Tag Archive for: smithsonian latino center

Inspiring a Revival in San Antonio

“Above all, cultural organizations affirm the power and potency of art and culture to re-envision possibilities for a decent life and a common dream.”
-Dr. Tomás Ybarra Frausto 

The Museo Alameda in San Antonio, Texas. Photo courtesy of the museum.

Nowhere is this statement more relevant than at The Museo Alameda, a Smithsonian Affiliate in San Antonio, where curatorial advisor Dr. Ybarra-Frausto and colleagues have assembled a collection of historic and artistic magnitude.

In commemoration of the 100th anniversary of the outbreak of the Mexican Revolution, “Revolution and Renaissance: Mexico and San Antonio 1910-2010,” explores the evolution of art and culture in Mexico from 1910 through 1968, with particular attention to parallel and related cultural changes in San Antonio in the same years, and triumphantly marks a return to the Museo Alameda’s mission of serving the local community as well as the thousands of tourists who seek a better understanding of this important Southwestern city. 

The exhibition highlights artistic and cultural exchanges between San Antonio and Mexico, and includes over 200 rarely seen paintings, sculptures and folk art objects.  On display is an original signed print of the Plan de San Luis, a manifesto that launched the revolution published in San Antonio, also included are renowned paintings by Diego Rivera, Rufino Tamayo, Maria Izquierdo, Roberto Montenegro and Carlos Merida among others.  “A comprehensive exhibition of Mexican art and culture that illuminates the complexity of the American experience” concludes Dr. Tomas Ybarra-Frausto. 

Dr. Ybarra-Frausto, a distinguished professor of arts and humanities, linguist, foundation executive and educator has devoted much of his professional life to encouraging diverse communities in the United States to better understand and appreciate each other’s art and culture, values and traditions.  He is also well known and highly appreciated at the Smithsonian where he serves as a board member of the Smithsonian Latino Center and advisor to the Smithsonian Institution Traveling Exhibition Service (SITES). In 1997, he donated his collections of Mexican and Chicano prints to the Smithsonian American Art Museum and his literary archives of the Chicano Movement to the Smithsonian’s Archives of American Art.  In honor of years of service to the Smithsonian, Dr. Ybarra-Frausto was awarded the Joseph Henry Medal by the Smithsonian Institution’s Board of Regents for “exemplary contributions to the Smithsonian Institution.” 

Alfredo Zalce (1908-2003), "The Attorneys (Los Abogados)," 1952, Oil on Masonite, Collection RRC. Photo courtesy Museo Alameda.

“We are proud of the exhibit,” said Rolando Pablos, Chairman of the Museo Alameda, “and most importantly, that the Museo Alameda is on its way to enjoying its rightful, long term place as a gathering center for all to enjoy.” 

We encourage all who visit San Antonio to stop in a see why we are justifiably proud of our Smithsonian Affiliates.

Is the Smithsonian in YOUR neighborhood? Click here to find an Affiliate near you!

SITES in your neighborhood this winter

Smithsonian Affiliates across the country are bringing Smithsonian Institution Traveling Exhibition Service (SITES) exhibitions to their communities this winter. Here’s what’s opening at an Affiliate in the coming months:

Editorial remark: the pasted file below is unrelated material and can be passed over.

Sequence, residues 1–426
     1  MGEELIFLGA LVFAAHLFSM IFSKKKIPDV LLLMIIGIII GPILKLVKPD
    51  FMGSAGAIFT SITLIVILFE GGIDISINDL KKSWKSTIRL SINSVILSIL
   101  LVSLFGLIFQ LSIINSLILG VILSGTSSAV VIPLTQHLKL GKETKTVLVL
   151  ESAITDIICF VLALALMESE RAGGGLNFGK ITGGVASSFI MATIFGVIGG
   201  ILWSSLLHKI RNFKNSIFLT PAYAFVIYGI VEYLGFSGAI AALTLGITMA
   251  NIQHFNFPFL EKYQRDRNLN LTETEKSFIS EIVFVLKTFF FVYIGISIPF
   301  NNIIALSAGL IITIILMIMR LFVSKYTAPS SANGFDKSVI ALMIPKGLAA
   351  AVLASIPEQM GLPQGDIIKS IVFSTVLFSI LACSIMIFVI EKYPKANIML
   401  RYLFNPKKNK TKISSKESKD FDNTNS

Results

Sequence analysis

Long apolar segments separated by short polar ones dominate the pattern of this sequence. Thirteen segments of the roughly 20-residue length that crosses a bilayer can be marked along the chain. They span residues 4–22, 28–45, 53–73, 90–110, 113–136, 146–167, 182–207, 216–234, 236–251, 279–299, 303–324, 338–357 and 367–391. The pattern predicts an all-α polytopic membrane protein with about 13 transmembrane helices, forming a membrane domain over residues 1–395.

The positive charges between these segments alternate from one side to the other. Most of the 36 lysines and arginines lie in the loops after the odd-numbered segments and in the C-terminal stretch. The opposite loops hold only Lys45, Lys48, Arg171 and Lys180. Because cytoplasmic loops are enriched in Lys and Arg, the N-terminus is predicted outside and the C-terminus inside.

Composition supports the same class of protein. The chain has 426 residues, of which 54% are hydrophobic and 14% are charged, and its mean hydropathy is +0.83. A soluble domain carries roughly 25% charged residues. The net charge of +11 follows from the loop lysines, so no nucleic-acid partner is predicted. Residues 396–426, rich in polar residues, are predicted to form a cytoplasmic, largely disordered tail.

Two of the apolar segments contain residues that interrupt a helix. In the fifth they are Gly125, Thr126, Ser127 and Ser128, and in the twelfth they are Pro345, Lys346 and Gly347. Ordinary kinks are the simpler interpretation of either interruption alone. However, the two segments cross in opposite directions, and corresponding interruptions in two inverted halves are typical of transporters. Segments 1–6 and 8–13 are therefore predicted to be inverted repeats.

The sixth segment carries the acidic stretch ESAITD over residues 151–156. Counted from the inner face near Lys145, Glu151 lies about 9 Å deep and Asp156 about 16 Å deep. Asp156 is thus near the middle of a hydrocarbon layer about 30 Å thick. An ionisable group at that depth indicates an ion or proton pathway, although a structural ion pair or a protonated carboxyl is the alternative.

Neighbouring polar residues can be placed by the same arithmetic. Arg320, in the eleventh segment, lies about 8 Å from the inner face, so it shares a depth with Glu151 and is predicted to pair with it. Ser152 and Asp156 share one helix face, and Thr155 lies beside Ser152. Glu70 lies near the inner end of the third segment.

Jim Henson's characters provided an outlet for the various sides of his sense of humor and personality, and Henson always considered Kermit his alter ego. This Kemit, shown with Henson about 1989, is a more polished version of the original Kermit that Henson made in 1955 from his mother's old spring coat. Photo by John E. Barrett.

February 12- May 1, 2011
Lakeview Museum of Arts and Sciences (Peoria, Illinois)
Jim Henson’s Fantastic World

Organized with The Jim Henson Legacy, Jim Henson’s Fantastic World offers audiences a rare peek into the imagination of this brilliant innovator and creator of Kermit, Big Bird, and other beloved characters. The exhibition documents Henson’s process of “visual thinking” through works of art, photographs, documents, puppets and other 3-D objects, and film and video clips.

Legendary New York Mets’ coach Yogi Berra shares his line-up with Clemente before a 1972 spring training game in St. Petersburg, Florida. AP/Wide World Photo.

February 19- April 17, 2011
Challenger Learning Center of Arizona (Peoria, Arizona)
Beyond Baseball: The Life of Roberto Clemente

The baseball diamond has produced legendary athletes who have broken records and shattered barriers. But for many, Roberto Clemente is the most inspiring of all. With a cannon arm and lightning speed, he was an outstanding ballplayer. But the Puerto Rico native was also a dedicated humanitarian. SITES, the Smithsonian Latino Center, the Clemente family, and the Museo de Arte de Puerto Rico are pleased to present Beyond Baseball: The Life of Roberto Clemente as a tribute to this monumental figure’s outstanding achievements on the field and off.

And you can still catch these exhibitions at an Affiliate in your neighborhood:

Lasting Light: 125 Years of Grand Canyon Photography, at Dixon Historic Center (Dixon, Illinois) through January 2, 2011. 

Native Words, Native Warriors
at Mashantucket Pequot Museum and Research Center  (Mashantucket, Connecticut), through January 2, 2011.

Freedom’s Sisters,
at Reginald F. Lewis Museum of Maryland African American History and Culture (Baltimore, Maryland), through January 17, 2011. 

Bittersweet Harvest: The Bracero Program, 1942-1964,
at Sonoma County Museum (Santa Rosa, California), through January 30, 2011.


Find a Smithsonian Affiliate in your neighborhood here.
Find more Smithsonian traveling exhibitions and programs